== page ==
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      The Bioactivity of Plasma Factors in Focal Segmental Glomerulosclerosis

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          Abstract

          Focal segmental glomerulosclerosis (FSGS) is a devastating form of nephrotic syndrome, often leading to end-stage renal failure after the failure of a succession of highly toxic therapies. It has long been thought to be caused by a circulating factor(s) that may be produced by cells of the immune system. Much research has focused on identifying such factor(s), including the development of a promising in vitro assay, which estimates glomerular permeability based on the swelling of isolated glomeruli in response to patients’ plasma. This assay has also been used as the basis of testing plasma fractions for permeability activity, with no specific factor yet identified. Other studies have attempted to replicate proteinuria in whole animals, by injecting plasma or plasma fractions from focal segmental glomerulosclerosis patients, with inconsistent results. More recently there has been evidence that there may be either inhibitory or missing factor(s) in plasma, with respect to permeability. An additional major biological advance is a growing appreciation of the podocyte as the target cell in this disease, and an understanding of the key molecules involved. Putting together this knowledge, with the latest technological advances in protein identification, provides promising avenues towards finally solving the basis of this enigmatic disease.

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          Most cited references 16

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          TRPC6 is a glomerular slit diaphragm-associated channel required for normal renal function.

          Progressive kidney failure is a genetically and clinically heterogeneous group of disorders. Podocyte foot processes and the interposed glomerular slit diaphragm are essential components of the permeability barrier in the kidney. Mutations in genes encoding structural proteins of the podocyte lead to the development of proteinuria, resulting in progressive kidney failure and focal segmental glomerulosclerosis. Here, we show that the canonical transient receptor potential 6 (TRPC6) ion channel is expressed in podocytes and is a component of the glomerular slit diaphragm. We identified five families with autosomal dominant focal segmental glomerulosclerosis in which disease segregated with mutations in the gene TRPC6 on chromosome 11q. Two of the TRPC6 mutants had increased current amplitudes. These data show that TRPC6 channel activity at the slit diaphragm is essential for proper regulation of podocyte structure and function.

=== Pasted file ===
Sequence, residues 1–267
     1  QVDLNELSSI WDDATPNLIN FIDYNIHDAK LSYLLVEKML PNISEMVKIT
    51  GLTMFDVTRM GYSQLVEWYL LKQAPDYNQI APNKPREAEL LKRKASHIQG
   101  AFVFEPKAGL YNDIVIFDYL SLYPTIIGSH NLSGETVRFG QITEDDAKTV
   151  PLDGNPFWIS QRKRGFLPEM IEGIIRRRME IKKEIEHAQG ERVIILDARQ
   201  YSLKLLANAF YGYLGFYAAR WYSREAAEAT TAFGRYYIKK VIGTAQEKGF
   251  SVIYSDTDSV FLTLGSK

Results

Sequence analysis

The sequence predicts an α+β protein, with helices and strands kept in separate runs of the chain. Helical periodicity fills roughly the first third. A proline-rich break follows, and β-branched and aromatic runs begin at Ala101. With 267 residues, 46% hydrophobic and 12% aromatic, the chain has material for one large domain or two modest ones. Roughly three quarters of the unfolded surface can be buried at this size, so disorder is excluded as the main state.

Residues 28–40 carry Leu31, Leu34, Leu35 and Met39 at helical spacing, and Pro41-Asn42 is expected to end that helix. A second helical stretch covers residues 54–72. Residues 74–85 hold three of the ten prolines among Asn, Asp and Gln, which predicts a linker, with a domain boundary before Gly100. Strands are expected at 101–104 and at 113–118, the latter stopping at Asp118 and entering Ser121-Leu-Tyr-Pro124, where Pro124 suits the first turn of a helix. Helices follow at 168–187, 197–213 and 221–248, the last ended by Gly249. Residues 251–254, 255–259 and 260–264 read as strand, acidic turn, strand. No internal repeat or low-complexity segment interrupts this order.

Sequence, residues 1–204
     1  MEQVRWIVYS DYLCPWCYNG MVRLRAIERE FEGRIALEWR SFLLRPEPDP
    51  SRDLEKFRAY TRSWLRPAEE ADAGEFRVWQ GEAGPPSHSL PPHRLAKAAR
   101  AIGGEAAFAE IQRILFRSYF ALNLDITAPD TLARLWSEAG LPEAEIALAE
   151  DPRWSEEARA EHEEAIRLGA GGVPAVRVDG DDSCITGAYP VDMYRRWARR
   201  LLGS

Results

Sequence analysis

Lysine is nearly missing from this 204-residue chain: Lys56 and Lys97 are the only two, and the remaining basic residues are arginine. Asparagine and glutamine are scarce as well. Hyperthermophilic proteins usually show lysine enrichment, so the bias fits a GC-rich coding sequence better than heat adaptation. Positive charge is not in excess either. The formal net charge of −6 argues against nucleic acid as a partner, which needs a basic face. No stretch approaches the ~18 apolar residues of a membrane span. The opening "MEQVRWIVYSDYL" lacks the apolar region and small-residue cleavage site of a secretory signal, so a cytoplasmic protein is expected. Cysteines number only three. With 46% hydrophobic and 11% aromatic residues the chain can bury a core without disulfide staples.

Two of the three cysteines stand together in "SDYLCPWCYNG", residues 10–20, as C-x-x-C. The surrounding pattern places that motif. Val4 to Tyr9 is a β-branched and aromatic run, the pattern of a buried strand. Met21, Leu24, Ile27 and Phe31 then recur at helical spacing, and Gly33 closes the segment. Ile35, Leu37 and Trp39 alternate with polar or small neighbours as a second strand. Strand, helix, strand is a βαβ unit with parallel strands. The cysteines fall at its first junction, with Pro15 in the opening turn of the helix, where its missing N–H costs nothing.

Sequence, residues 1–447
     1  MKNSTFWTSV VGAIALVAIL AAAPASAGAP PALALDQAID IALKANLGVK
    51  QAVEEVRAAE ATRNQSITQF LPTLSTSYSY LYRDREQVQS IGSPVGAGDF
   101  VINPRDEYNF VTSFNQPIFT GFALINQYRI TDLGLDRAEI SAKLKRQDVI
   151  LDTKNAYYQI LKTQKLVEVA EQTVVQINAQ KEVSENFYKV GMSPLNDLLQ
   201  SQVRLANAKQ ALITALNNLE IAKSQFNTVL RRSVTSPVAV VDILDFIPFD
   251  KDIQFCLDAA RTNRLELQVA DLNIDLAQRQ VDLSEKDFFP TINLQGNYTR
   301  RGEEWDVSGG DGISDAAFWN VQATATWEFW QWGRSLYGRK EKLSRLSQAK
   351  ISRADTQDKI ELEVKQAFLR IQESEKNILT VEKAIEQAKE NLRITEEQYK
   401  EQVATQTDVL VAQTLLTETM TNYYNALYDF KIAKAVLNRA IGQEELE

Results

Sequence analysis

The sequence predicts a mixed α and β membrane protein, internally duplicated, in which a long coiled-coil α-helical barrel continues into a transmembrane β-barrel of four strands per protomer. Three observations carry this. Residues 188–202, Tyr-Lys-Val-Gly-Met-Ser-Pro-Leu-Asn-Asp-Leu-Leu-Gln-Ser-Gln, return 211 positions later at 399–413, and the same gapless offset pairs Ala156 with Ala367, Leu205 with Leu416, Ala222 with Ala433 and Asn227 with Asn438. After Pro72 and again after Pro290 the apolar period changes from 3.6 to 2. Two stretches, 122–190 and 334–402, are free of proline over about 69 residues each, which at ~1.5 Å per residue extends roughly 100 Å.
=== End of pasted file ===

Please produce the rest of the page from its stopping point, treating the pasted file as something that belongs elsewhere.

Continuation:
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            Circulating factor associated with increased glomerular permeability to albumin in recurrent focal segmental glomerulosclerosis.

            Heavy proteinuria and progressive renal injury recur after transplantation in up to 40 percent of patients with renal failure caused by idiopathic focal segmental glomerulosclerosis. A circulating factor may be responsible for this recurrence. To determine whether patients with focal segmental glomerulosclerosis have a circulating factor capable of causing glomerular injury, we tested serum samples from 100 patients with the disorder in an in vitro assay of glomerular permeability to albumin. Of the 56 patients who had undergone renal transplantation, 33 had recurrences. Sixty-four patients, many of whom had undergone transplantation, were being treated with dialysis. Thirty-one patients with other renal diseases and nine normal subjects were also studied. The 33 patients with recurrent focal segmental glomerulosclerosis after transplantation had a higher mean (+/-SE) value for permeability to albumin (0.47+/-0.06) than the normal subjects (0.06+/-0.07) or the patients who did not have recurrences (0.14+/-0.06). After plasmapheresis in six patients with recurrences, the permeability was reduced (from 0.79+/-0.06 to 0.10+/-0.05, P = 0.008), and proteinuria was significantly decreased. Patients with corticosteroid-sensitive nephrotic syndrome or with membranous nephropathy after transplantation had low levels of serum activity. The circulating factor bound to protein A and hydrophobic-interaction columns and had an apparent molecular mass of about 50 kd. A circulating factor found in some patients with focal segmental glomerulosclerosis is associated with recurrent disease after renal transplantation and may be responsible for initiating the renal injury.